While this is a fairly straightforward love story on the surface, the plot of Winter Sonata is quite complex. Akin to other South Korean dramas, an intricate web of family relationships undergirds the plot, and a sense of mystery sustains the audiences’ attention. For instance, Jun-sang transferred to the high school where he meets Yu-jin with the primary intention to find his real father. At a certain moment, the drama encourages the audience to believe that Jun-sang’s father and Yu-jin’s father might be the same person and, as a consequence, the two lovers might be siblings. As the story unfolds, the web of family ties is disentangled, resulting in a sense of mystery that dramatizes the primary story of pure love between the two protagonists.
Winter Sonata reminds me of pure love (jun-ai)
Ms. A (age 46)
“The reason why I got hooked on “Fuyu Sona” (Japanese abridged title for Winter Sonata) is mainly because of Bae Yong-joong. He is so “kakkoii” (handsome and cool) and his lines simply make me cry. There aren’t a lot of television dramas in Japan that a woman in her 40s can really relate to. They seem to be targeting young kids. I am not the kind of person who would cry in front of the television, let alone watching a romantic drama. However, Fuyu Sona touched my heart and reminded me of the long lost “kandou” (moved emotions) that I haven’t felt in years. It also reminded me of my first love in high school when I couldn’t even hold hands with the boy I liked.”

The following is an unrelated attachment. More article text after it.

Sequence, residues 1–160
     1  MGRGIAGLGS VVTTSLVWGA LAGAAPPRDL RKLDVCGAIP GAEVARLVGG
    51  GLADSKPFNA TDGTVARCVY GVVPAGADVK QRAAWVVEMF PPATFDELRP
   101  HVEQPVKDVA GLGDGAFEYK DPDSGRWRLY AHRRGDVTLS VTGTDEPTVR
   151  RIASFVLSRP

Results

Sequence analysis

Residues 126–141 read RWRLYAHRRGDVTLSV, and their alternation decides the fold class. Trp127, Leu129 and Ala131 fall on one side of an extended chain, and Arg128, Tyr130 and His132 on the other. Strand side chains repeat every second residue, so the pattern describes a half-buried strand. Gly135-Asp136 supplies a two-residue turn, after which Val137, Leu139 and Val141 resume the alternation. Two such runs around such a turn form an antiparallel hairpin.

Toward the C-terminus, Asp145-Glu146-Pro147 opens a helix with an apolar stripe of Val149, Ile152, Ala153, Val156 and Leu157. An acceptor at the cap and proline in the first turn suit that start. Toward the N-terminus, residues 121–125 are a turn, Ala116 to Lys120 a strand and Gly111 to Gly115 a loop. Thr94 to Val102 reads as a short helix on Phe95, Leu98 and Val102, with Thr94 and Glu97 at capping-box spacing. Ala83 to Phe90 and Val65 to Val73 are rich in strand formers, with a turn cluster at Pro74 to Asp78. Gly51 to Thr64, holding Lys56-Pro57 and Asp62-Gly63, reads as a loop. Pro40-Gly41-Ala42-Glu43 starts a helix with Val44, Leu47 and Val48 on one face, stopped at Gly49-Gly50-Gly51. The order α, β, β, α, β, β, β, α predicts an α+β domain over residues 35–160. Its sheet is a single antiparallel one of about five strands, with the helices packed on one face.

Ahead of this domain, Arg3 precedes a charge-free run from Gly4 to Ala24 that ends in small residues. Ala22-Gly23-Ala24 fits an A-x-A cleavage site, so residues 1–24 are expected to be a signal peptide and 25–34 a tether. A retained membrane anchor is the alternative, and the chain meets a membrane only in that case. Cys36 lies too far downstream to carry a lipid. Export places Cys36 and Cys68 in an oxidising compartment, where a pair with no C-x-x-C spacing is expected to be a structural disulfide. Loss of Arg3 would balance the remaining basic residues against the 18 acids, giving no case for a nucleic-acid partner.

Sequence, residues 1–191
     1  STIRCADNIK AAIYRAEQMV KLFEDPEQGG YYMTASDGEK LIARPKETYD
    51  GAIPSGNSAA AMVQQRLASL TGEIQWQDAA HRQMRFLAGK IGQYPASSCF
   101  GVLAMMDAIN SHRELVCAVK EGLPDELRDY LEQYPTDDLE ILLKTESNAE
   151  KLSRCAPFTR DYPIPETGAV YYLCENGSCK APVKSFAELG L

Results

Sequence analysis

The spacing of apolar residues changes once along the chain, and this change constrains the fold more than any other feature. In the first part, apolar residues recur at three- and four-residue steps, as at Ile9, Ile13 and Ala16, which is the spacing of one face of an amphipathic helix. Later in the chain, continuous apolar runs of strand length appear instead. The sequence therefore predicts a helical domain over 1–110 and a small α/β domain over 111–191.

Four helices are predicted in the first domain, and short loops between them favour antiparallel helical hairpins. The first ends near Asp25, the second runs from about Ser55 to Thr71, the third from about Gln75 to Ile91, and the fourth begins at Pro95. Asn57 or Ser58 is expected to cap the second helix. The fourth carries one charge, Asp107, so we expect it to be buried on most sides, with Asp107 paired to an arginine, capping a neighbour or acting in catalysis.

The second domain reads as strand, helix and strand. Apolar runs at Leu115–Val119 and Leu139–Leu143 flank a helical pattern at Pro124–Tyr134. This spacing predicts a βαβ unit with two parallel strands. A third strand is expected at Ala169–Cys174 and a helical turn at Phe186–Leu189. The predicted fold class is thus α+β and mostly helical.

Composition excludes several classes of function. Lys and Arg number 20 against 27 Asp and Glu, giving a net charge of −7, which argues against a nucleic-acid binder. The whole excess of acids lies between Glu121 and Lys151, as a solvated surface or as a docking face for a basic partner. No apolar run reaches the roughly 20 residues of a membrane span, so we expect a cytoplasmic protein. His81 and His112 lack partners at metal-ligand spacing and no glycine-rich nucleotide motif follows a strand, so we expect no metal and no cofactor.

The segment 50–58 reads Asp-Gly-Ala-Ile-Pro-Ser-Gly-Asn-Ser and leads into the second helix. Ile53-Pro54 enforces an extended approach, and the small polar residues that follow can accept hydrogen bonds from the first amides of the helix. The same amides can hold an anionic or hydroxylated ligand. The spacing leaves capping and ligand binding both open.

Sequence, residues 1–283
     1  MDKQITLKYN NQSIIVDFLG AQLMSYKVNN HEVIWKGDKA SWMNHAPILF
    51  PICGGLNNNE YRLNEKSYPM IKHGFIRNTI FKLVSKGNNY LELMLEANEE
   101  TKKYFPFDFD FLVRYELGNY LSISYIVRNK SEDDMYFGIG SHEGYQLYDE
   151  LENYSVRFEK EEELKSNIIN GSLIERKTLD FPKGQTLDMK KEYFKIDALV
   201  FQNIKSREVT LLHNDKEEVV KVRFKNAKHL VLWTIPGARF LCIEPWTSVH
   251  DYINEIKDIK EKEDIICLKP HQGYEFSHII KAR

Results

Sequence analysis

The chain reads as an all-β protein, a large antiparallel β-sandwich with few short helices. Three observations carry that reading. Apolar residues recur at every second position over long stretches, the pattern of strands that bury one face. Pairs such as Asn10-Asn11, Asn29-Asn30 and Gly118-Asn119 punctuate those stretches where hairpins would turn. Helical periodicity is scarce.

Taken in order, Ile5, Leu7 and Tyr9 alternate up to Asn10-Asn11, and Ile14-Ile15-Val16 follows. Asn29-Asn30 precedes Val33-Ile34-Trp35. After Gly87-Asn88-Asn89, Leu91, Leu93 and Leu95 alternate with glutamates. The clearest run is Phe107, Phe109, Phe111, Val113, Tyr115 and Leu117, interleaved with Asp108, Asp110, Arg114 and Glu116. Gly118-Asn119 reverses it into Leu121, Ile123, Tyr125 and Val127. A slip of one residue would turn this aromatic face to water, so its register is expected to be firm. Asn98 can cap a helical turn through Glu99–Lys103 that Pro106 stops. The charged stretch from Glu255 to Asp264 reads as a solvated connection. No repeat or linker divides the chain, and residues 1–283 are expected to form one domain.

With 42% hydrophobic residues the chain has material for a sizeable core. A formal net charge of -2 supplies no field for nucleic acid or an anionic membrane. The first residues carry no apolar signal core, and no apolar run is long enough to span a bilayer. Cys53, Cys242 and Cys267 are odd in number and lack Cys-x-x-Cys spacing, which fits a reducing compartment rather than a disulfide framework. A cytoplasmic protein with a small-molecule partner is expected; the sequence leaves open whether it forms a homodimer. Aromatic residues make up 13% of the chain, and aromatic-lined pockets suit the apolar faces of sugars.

Ms. B (age 58)
“First of all, Korean dramas are unrealistic but the story line is simple for even a person my age to follow. I just feel “spiritually healed” (iyasareru) watching the warm, caring affection that the men in Korean dramas show the women they love. I am touched by Jun-sang’s devotion and love toward Yu-jin. (hitamuki na ai meaning single-minded devotion and love) I cannot remember when I was loved so deeply by another man.”
Ms. C (age 60)
“Yu-jin, even after she thinks she lost Jun-sang in the car accident, never forgets her first love. Her pure and untainted love makes me cry. Jun-sang’s deep love for Yu-jin is the reason why I like Bae Yon-joong so much. They remind me of the kind of romance I have always longed to experience. It makes me feel warm in my heart and reminds me of the pure feelings I had for my hatsukoi (first love) when I was young.
Ms. D (age 37)